She was looking forward to learning how to process the hash and other concentrates Kit's family produced. He said he’d show her how they used a rosin press to extract the essential oils from the plants to make a variety of consistencies. He used terms she’d never before heard: shatter, budder, sauce, crumble, and honeycomb; each gram of concentrate equivalent to several grams of raw bud. And which were particularly conducive to creating edibles. He’d also promised to have two large bowls of her now favorite Loco Moco. “I think I’m going to go. We only have one more night and I’m really enjoying time with the boys,” Lydia replied. She didn’t mention it would only be her and Kit. Lydia’s eyes moved from Kit to the fire, mesmerized. She had learned so much on this trip. Not just about the geology of the island but about cannabis concentrates as useful and natural medicine. After the embers of the fire faded and the crowd dwindled to just a few, Lydia rose to say her final goodbye. Kit drove her back to the hotel on his Vespa, her arms wrapped around his waist more firmly than necessary. Extending their farewell for as long as possible, they promised to keep in touch. Back in her room, Lydia fantasized about Kit and the world of botany while brushing her teeth. She was quiet on the flight home. At the airport she was met only by her mother. Dad was with Pops, who had been taken to the hospital earlier that day. “Mom?” “Yes?” “I’ve decided to change my major.” “Why? You love geology. Did something happen on the trip?” “Yes; something good. I do love geology. But I’ve decided to major in Botany. Specifically, Ethnobotany.” “Ethno-what?” “Ethnobotany, the study of plants as medicine. You and dad are always saying how I’m so much like Gram, with my picture taking. Now I want to garden and grow plants as medicine. I want to learn which plants might help Pops and others with ailments. “Plants as medicine?” “Yes, weren’t all medicines originally derived from plants?” Her mother looked at her and smiled. “You sure?” Lydia nodded. “Okay, let’s go see Pops. He’s been asking for you.”


INFUSED LOCO MOCO INGREDIENTS 2 cups long-grain white rice 1 cup water 1 ½ cups infused chicken broth 1 lb. ground beef – 15-20 % fat 2 tsp each – salt & pepper ½ cup diced Maui onion - divided 2 cloves garlic - minced 1 tsp each – soy and Worcestershire sauces 1 ½ cups beef broth 1 Tbsp infused canola oil 2 tsp infused olive oil 1 Tbsp canna-butter 1 Tbsp flour 1 cup infused beef broth 4 eggs 2 scallions – minced RICE Rinse rice under cool water until water runs clear. Cook rice according to package directions, using 1 cup water and 1 ½ cups infused broth. Cover and keep warm. BURGERS In a mixing bowl, combine beef, salt, pepper, ¼ cup of onion, garlic, soy and Worcestershire sauce. Form into four patties. Heat canola oil in a skillet, when shimmery add patties and cover. Cook approximately 4 minutes on each side. Remove from the skillet, set on plate and loosely cover with foil to keep warm. GRAVY In the same skillet, add olive oil and canna-butter. When melted add remaining onion, cook until soft. Whisk in flour, cooking for about 3 minutes. Slowly whisk in beef broth, bring to a boil, cooking until thickened and reduced. Season to taste with salt and pepper. Cover and keep warm EGGS Cook all four eggs over-easy. To Serve: Divide rice between four shallow bowls, top each with burger patty, gravy and an egg. Garnish with scallions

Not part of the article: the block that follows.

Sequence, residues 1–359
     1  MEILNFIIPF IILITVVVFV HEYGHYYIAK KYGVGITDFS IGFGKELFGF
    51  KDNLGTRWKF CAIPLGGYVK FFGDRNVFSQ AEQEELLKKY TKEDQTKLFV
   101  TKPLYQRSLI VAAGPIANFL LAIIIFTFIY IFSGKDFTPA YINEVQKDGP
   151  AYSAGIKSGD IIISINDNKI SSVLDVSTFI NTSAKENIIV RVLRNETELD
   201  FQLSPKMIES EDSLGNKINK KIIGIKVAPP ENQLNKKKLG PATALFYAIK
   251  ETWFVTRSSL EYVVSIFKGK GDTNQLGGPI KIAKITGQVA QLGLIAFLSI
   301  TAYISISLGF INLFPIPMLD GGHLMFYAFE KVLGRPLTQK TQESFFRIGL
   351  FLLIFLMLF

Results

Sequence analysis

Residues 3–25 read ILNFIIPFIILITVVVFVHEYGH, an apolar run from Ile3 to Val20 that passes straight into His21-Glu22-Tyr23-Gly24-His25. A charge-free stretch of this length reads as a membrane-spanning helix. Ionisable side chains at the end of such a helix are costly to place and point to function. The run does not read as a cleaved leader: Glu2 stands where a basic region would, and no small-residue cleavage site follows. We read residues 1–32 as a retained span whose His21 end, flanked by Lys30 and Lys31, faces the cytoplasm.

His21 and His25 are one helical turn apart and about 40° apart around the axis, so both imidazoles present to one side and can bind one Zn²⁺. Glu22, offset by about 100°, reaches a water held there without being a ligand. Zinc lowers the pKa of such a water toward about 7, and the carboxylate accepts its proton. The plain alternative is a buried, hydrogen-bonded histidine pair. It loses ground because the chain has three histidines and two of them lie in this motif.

Tinctures • Topicals Moisturizers




Dear Mary Jane, In your opinion, what effect will all of this Covid business have upon the future of society? Have the end times started? Apocryphal Alan

My dearest Alan, Yes, I am pretty sure that the end has indeed begun. What the hell, did you want to live forever? Eternal life might seem like a great idea at first, but I know that I would never be able to keep track of everybody’s birthdays and other significant events. So later for that. At first, I was going to address your concerns with a list of what things might remain the same and what things will change in our post-Covid world, but I am so sick of seeing articles like that online anymore. Of late, much like pigs in shit, the media is just gloom, doom and presidential elections; this is not now, nor will it hopefully ever be, a space for political rantings, conspiracy theories or stuff that isn’t cool. Let us return to the basics. I won’t lie to you, when this whole pandemic started, do you know what my biggest concern was? It wasn’t toilet paper, hand sanitizer nor Clorox wipes. I was afraid that my marijuana supply chain would be interrupted. That would have been very, very bad. Almost cataclysmic, as it were. Guess what? It didn’t happen. The marijuana industry made me proud by adapting its business model to fit the situation. For that matter, do you know which other organization really impressed me with its post-pandemic moves? The American educational system. They went from brickand-mortar to online learning and made it look easy. I am SURE that the transition wasn’t easy, but sometimes you have to fake it until you make it.